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The Language Instinct Audiobook

The Language Instinct: How the Mind Creates Language

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Publisher's Summary

In this classic, the world’s expert on language and mind lucidly explains everything you always wanted to know about language: how it works, how children learn it, how it changes, how the brain computes it, and how it evolved. With deft use of examples of humor and wordplay, Steven Pinker weaves our vast knowledge of language into a compelling story: language is a human instinct, wired into our brains by evolution.

The Language Instinct received the William James Book Prize from the American Psychological Association and the Public Interest Award from the Linguistics Society of America. This edition includes an update on advances in the science of language since The Language Instinct was first published.

©2011 Steven Pinker (P)2011 Brilliance Audio, Inc.

What the Critics Say

"Pinker writes with acid verve." (Atlantic Monthly)

"An extremely valuable book, very informative, and very well written." (Noam Chomsky)

What Members Say

Average Customer Rating

4.1 (511 )
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4.1 (422 )
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Performance
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  •  
    Amazon Customer 01-17-15 Member Since 2012
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    "Horrible vocal performance"

    I could not finish listening to this book...the narrator's hypercorrected unnatural pronunciation grated on my ears.

    0 of 0 people found this review helpful
  •  
    words 01-11-15
    words 01-11-15
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    "nice background - field has advanced since publish"

    Important background to linguistics and cognitive science wrt language, though readers should follow up with more recent accounts of particular areas of interest (good suggestions in the afterward).

    0 of 0 people found this review helpful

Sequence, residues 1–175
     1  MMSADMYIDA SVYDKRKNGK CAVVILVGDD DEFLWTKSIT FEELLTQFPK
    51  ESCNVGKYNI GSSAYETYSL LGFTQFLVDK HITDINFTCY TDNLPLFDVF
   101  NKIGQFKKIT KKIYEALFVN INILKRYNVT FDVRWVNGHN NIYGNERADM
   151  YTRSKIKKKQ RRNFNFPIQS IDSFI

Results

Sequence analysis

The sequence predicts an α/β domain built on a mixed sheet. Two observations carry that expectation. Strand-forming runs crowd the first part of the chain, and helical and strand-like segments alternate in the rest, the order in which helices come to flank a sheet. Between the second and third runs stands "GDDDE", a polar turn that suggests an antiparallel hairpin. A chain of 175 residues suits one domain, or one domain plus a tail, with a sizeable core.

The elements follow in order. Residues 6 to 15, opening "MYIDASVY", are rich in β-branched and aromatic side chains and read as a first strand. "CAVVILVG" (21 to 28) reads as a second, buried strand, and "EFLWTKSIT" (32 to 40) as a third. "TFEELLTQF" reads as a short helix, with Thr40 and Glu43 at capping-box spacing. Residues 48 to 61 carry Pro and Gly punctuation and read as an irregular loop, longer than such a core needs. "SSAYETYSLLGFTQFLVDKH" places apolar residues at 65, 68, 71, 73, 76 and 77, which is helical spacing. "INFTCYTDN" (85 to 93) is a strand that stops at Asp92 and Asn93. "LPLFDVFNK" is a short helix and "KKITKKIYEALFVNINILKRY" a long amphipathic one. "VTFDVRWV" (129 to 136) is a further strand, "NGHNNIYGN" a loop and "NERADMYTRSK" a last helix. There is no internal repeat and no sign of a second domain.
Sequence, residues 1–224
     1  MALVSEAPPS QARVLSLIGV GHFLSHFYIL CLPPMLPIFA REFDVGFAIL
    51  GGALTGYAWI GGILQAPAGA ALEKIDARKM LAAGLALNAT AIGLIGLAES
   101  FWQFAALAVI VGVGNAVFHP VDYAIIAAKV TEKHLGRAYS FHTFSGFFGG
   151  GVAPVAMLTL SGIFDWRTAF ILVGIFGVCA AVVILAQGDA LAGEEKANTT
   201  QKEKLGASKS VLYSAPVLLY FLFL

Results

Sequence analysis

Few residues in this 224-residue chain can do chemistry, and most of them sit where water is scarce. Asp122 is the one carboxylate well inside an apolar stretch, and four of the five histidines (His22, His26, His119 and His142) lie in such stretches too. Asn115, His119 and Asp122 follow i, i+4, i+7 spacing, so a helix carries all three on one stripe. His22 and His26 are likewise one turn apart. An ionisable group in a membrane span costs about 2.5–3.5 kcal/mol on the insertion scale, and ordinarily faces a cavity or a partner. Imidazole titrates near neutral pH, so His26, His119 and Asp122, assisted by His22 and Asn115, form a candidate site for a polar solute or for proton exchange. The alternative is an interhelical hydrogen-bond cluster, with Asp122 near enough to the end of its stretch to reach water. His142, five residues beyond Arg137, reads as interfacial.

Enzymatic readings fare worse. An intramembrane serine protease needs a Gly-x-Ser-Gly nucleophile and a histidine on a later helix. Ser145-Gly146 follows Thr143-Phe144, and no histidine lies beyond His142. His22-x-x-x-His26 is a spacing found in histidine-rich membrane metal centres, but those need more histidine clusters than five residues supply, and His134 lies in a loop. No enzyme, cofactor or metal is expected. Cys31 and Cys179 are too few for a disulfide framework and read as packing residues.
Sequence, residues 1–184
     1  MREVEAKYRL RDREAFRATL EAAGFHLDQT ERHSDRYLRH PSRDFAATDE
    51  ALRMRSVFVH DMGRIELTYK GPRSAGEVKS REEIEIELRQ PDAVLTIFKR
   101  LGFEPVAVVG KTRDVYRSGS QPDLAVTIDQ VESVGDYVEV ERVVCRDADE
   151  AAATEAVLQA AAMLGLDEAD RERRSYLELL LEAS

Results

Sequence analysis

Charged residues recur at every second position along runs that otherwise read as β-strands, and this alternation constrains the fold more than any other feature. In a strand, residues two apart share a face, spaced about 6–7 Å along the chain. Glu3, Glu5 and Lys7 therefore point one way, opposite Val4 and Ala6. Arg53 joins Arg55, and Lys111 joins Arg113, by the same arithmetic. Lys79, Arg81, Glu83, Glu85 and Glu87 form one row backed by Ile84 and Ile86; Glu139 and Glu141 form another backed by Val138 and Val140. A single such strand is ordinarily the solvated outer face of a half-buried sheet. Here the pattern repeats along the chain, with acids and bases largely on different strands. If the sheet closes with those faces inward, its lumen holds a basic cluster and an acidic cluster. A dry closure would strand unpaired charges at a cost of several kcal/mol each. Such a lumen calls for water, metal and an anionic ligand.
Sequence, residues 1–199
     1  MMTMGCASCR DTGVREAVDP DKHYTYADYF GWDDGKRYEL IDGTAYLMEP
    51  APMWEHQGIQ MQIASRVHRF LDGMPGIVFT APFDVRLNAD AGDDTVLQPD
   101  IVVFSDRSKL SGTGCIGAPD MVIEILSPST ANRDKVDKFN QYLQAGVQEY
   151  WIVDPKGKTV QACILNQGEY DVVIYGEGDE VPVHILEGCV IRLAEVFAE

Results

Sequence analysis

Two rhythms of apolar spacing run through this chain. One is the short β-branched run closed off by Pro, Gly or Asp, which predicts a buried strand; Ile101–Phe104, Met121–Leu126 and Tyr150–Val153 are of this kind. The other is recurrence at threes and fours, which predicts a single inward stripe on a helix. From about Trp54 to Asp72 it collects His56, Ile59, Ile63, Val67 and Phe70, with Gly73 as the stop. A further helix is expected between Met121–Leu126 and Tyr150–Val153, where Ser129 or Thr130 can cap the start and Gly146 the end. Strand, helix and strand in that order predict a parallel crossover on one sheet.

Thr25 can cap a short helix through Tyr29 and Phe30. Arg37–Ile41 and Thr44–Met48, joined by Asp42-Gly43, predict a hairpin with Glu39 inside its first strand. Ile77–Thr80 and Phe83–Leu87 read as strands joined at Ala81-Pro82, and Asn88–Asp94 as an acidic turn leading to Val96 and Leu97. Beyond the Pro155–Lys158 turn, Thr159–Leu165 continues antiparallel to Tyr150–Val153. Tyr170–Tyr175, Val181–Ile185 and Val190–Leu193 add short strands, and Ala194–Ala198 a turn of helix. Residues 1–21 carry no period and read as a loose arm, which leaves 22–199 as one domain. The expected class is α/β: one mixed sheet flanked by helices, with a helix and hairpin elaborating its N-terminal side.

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    Samuel Aldrich Yokota AB, JP 12-17-14
    Samuel Aldrich Yokota AB, JP 12-17-14 Member Since 2014

    Samuel Aldrich

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    "Overly Detailed"

    If you're a English Major or language major in general, you might like this book. Otherwise, you're will to listen will me smashed in by this book's huge list type example methodology.

    0 of 0 people found this review helpful
  •  
    RI in Canada 11-07-14
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    "Too much detail in the middle"

    I'd give it a mixed review. The book has many details at the level of morphemes that are pretty hard to listen to, but I know I'd never have finished the book reading. Some of the data is dated (e.g. genome mapping, brain hemisphere stuff), which does reduce the credibility of some of the arguments. He also seems to be pretty selective in cherry-picking data to support his ideas. Still though, I learned a lot and enjoyed most of it.

    0 of 0 people found this review helpful
  •  
    Lloyd SOUTHLAKE, TX, United States 09-05-14
    Lloyd SOUTHLAKE, TX, United States 09-05-14
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    "Great Listen. Recommended it to everyone."
    If you could sum up The Language Instinct in three words, what would they be?

    It was a great book. I am a speech therapist so my interest in this topic would probably be greater than other listeners. It can not be stressed enough, the ability to use language is such a driving force, its is what makes is human. Why wouldn't everyone want to know more about it? The fair use doctrine get a bit bruised in the Great Courses on the same topic by borrowing so heavily from this book. I would recommend using this as a great source.


    What was one of the most memorable moments of The Language Instinct?

    I really like his viewpoint when discussing how monkeys have DNA that is 99% identical to human. His discussion on evolution was insightful. It really put it in prospective.


    Which character – as performed by Arthur Morey – was your favorite?

    IT was Fine. His frontal lisp (distortion of "s") was noticeable but not a distraction. I only mention it because others made a big deal about it.


    Did you have an extreme reaction to this book? Did it make you laugh or cry?